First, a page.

# Function that tells if number is prime, perfect square or other composite.

There was a math function (studied by Euler, but I might be wrong) that takes a number and maps it on one of three classes: "prime", "perfect square", "composite, but not square" represented as $-1$, or $0$, or $1$

What is the name of this function?

I don't know of Euler studying a function meeting your description. It sounds like you have a slightly garbled version of the Mobius function https://en.wikipedia.org/wiki/Mobius_function . $\mu(n)$ satisfies that $\mu(n)=0$ when $n$ is divisible by a perfect square greater than 1. When $n$ is square free, $\mu(n)=1$ when $n$ has an even number of prime factors, while $\mu(n)=-1$ when $n$ has an odd number of prime factors. Is this what you were thinking of?

• This is the function I was looking for. – Stepan Aug 19 '18 at 1:48

There was a math function? It no longer is? I'm not saying this to be a jerk, I'm saying it to make the point that mathematical objects exist regardless of what we call them or even if we don't know about them.

But in this case of the function that you're thinking about, it would of course really help you if you knew what it's called.

How can you figure that out? The OEIS might help. Compute the values of the function for the first few $n$ (it's often a good idea to skip 1 and start at 2) and look it up in the OEIS: $$-1, -1, 0, -1, 1, -1, 1, 0, 1, -1, 1, -1, 1, 1, 0, -1, 1, -1, 1, 1, 1, -1, 1, 0$$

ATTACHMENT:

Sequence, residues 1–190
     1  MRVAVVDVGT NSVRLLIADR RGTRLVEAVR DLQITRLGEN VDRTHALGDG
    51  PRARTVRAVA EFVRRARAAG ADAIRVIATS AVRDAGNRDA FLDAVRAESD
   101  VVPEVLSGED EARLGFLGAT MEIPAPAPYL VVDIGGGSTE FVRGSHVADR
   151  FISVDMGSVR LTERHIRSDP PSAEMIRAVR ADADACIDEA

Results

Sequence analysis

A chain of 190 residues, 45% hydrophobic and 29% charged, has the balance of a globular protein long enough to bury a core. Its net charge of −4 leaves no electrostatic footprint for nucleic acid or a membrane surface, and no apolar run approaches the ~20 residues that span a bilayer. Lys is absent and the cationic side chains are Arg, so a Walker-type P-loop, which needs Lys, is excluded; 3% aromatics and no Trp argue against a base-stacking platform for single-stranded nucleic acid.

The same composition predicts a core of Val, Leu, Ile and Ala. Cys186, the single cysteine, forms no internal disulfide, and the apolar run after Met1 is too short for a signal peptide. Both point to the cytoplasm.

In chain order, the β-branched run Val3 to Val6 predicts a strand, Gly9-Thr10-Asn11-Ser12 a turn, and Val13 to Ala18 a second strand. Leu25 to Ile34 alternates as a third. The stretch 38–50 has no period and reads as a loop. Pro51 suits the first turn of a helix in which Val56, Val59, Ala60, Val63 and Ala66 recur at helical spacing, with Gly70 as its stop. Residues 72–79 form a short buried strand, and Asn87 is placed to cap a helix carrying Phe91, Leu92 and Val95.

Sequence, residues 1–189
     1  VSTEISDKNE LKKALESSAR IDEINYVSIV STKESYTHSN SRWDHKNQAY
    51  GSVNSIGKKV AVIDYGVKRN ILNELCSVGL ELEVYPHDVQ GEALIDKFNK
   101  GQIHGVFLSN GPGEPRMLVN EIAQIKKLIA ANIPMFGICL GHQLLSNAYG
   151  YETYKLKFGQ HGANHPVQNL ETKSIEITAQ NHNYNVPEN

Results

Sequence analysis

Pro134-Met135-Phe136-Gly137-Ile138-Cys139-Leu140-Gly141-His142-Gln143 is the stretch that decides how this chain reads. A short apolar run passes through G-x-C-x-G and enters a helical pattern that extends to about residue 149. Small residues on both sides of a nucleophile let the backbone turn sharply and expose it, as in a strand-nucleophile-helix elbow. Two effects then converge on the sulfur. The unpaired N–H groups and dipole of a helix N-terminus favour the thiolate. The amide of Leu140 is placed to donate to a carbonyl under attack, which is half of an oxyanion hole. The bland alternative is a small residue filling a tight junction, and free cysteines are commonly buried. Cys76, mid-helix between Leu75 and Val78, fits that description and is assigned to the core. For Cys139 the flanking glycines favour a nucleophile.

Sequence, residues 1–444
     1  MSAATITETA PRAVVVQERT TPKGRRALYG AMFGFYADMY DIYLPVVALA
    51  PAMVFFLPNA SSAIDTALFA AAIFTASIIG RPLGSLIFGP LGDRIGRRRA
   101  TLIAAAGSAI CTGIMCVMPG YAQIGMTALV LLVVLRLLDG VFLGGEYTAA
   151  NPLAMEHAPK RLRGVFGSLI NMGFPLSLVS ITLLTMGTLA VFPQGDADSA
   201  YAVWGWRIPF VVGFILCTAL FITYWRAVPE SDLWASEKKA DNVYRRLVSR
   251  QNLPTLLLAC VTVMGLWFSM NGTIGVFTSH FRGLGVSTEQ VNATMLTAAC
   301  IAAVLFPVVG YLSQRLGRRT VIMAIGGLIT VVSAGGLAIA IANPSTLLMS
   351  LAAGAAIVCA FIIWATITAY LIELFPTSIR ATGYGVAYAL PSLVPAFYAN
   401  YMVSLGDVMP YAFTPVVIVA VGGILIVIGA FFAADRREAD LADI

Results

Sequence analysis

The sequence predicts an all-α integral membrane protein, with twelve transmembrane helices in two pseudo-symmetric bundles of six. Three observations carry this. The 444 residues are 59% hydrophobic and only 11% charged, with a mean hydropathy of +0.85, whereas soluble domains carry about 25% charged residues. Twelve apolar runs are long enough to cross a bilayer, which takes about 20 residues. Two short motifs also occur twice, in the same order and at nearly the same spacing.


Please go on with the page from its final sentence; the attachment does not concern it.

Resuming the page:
Hmm... nine results, but only one result matches the signs, A068717, $x^2 - ny^2 = \pm 1$ has infinitely many solutions in integers $(x, y)$. I admit I don't completely understand this entry.

Nor can I be sure that I would have thought of the Möbius function $\mu(n)$ if JoshuaZ hadn't mentioned it.

I may have or may not have thought of this adjustment to the function: $f(n) = 0$ if $n$ is divisible by a square even if not itself a square.

A square is still trivially divisible by itself. But numbers like 8, 12, 18, 20, 24, 27, 28, etc., are also each divisible by at least one square.

With this adjustment, our search query becomes $$-1, -1, 0, -1, 1, -1, 0, 0, 1, -1, 0, -1, 1, 1, 0, -1, 0, -1, 0, 1, 1, -1, 0, 0$$ and the first result is A008683, Möbius function $\mu(n)$. $\mu(1) = 1$, $\mu(n) = (-1)^k$ if $n$ is the product of $k$ different primes; otherwise $\mu(n) = 0$.

This function is more elegant because it's multiplicative, which means that if $\gcd(m, n) = 1$, then $\mu(mn) = \mu(m) \mu(n)$.

You can't say that about the other function, because, for example, $f(30) = 1$ (on account of being composite but not square) but $f(2) = -1$ (on account of being prime) and $f(15) = 1$ (on account of being composite but not square).

By comparison $\mu(30) = -1$ (on account of having an odd number of distinct prime factors with no repetition) and $\mu(2) = -1$ (on account of being prime) and $\mu(15) = 1$ (on account of having an even number of distinct prime factors with no repetition).

Since a prime number has an odd number of prime factors (namely 1), your confusion was understandable.

• The OEIS is a great resource iff you know the exact behavior of the object. I wrongly assumed that only squares yield zero, so my sequence was incorrect at m(8) – Stepan Aug 19 '18 at 20:45
• The folks at the OEIS would disagree with you and perhaps take offense at your "if and only if." But sequences of 0s and 1s can be quite a pain to search for, though. – Robert Soupe Aug 20 '18 at 3:18